language weak wdproperties (property id and qitem),
affiliation wdproperties (property id and qitem),
has part wdproperties (property id and qitem),
number of inlinks from CCC (number of incoming links to the article from those articles with the reliable CCC features such as geolocated articles),
number of outlinks to CCC (number of outgoing links from the article to those articles with the reliable CCC features such as geolocated articles),
percent inlinks from CCC (number of such incoming links divided by all the incoming links),
percent outlinks to CCC (number of such outgoing links divided by all the outgoing links).
- potential negative CCC features:
other ccc country wdproperties (property id and qitem),
other ccc location wdproperties (property id and qitem),
other ccc language strong wdproperties (property id and qitem),
other ccc created by wdproperties (property id and qitem),
other ccc part of wdproperties (property id and qitem),
other ccc language weak wdproperties (property id and qitem),
other ccc afiliation wdproperties (property id and qitem),
other ccc has part wdproperties (property id and qitem),
number of inlinks from geolocated abroad (number of incoming links to the article from those articles that reliably associate to another CCC features such as geolocated articles in other CCC),
number of outlinks to geolocated abroad (number of outgoing links from the article to those articles which reliably associate to another language CCC such as geolocated articles in other CCC),
percent inlinks from geolocated abroad (number of such incoming links divided by all the incoming links),
percent outlinks to geolocated abroad (number of such outgoing links divided by all the outgoing links).
- relevance features:
number of inlinks,
number of outlinks,
number of bytes,
number of references,
number of edits,
number of editors,
number of edits in discussions,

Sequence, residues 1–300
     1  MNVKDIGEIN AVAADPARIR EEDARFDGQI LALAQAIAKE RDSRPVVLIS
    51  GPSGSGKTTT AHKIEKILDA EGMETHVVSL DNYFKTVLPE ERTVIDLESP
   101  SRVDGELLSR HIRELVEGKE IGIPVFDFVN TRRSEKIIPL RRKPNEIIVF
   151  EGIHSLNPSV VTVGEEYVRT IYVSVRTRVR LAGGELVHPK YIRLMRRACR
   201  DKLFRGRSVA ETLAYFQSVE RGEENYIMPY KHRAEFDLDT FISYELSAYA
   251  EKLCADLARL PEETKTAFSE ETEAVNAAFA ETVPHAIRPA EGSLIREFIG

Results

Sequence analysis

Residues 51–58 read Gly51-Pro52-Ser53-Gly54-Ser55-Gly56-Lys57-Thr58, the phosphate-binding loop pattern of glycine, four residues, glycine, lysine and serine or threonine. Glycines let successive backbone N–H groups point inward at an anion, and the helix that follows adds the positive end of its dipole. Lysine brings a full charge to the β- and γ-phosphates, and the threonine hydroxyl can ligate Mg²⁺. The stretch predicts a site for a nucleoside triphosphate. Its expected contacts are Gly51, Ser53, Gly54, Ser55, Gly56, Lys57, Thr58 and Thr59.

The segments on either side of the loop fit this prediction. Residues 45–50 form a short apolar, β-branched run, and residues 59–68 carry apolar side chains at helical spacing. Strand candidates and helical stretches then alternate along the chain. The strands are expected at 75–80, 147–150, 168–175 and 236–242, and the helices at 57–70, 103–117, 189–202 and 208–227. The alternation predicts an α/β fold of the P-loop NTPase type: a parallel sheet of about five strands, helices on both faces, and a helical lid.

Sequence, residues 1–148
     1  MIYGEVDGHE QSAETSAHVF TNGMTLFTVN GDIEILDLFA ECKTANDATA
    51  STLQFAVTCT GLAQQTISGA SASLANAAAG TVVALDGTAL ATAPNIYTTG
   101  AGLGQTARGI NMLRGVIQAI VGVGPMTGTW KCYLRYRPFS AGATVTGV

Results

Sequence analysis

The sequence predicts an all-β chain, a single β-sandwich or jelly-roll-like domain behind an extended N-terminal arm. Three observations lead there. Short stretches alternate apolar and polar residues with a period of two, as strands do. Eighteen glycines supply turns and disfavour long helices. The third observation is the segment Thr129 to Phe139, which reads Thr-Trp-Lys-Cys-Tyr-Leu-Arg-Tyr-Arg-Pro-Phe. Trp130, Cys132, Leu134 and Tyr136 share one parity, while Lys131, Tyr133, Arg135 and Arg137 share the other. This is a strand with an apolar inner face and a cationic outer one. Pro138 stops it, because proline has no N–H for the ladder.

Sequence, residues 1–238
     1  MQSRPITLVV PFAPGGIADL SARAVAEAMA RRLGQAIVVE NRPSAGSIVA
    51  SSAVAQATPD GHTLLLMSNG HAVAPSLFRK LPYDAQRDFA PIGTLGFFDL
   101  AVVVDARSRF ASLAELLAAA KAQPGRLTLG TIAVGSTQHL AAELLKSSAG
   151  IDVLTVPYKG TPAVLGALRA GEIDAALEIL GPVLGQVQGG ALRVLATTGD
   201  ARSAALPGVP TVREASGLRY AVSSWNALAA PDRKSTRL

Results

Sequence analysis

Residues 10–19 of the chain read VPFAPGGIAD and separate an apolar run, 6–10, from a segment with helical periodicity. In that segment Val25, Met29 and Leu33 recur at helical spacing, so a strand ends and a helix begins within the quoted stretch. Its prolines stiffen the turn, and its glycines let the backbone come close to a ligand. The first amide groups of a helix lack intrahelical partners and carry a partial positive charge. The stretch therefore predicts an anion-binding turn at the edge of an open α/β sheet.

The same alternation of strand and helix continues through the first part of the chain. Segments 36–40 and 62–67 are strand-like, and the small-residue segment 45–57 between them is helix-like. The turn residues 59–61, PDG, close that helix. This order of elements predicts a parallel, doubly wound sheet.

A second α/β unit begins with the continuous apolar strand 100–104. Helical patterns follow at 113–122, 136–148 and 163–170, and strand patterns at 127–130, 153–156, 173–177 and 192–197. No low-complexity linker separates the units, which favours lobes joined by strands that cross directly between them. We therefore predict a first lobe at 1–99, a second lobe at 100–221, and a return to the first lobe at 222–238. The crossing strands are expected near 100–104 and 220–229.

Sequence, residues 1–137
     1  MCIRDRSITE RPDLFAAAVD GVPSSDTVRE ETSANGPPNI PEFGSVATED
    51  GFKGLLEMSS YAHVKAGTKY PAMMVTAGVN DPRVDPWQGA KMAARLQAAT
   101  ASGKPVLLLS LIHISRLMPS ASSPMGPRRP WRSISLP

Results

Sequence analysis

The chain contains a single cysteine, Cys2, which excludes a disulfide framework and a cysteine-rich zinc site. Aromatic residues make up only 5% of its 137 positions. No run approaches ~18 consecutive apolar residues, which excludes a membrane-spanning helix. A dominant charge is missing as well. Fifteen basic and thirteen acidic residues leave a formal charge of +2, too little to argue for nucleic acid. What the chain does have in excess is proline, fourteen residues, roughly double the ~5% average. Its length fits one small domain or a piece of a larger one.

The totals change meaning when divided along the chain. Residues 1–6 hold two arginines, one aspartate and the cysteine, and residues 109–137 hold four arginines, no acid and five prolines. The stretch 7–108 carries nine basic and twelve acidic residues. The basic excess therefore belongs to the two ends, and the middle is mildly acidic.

number of pageviews (during the last month),
number of wdproperties,
number of interwiki links,
featured article (1 or 0 whether it is or not).
You can download the latest CCC datasets (on a monthly basis) here.
The latest databases generated by the previous scripts are also available at: databases. The latest CCC dataset as a database is named as ccc_old.db (Sqlite3 file).
We keep these datasets for:
- for archival/backup purposes
- for offline use
- for academic research
- for bot use
- for republishing (don't forget to follow the license terms)
- for fun!
The most important results that can be obtained through this dataset are extent (percentage) of CCC in each Wikipedia langauge edition, and the culture gap (i.e. the extent of one language CCC in other language editions, and the coverage of other language CCC by a specific language). A more practical application like top CCC article list generation to be translated across languages is also be derived from this dataset.
- Miquel-Ribé, M., & Rodríguez, H. (2011). Cultural configuration of Wikipedia: measuring Autoreferentiality in different languages. In Proceedings of the International Conference Recent Advances in Natural Language Processing 2011 (pp. 316-322).
- Miquel-Ribé, M., & Laniado, D. (2016, July). Cultural identities in wikipedias. In Proceedings of the 7th 2016 International Conference on Social Media & Society (p. 24). ACM.
- Miquel Ribé, M. (2017) Identity-based motivation in digital engagement: the influence of community and cultural identity on participation in Wikipedia (Doctoral dissertation, Universitat Pompeu Fabra).
- Miquel-Ribé, M., & Laniado, D. (2018). Wikipedia Culture Gap: Quantifying Content Imbalances Across 40 Language Editions. Frontiers in Physics.
- Miquel-Ribé, M., & Laniado, D. (2019). Wikipedia Cultural Diversity Dataset: A Complete Cartography for 300 Language Editions. Proceedings of the 13th International AAAI Conference on Web and Social Media. ICWSM. ACM. 2334-0770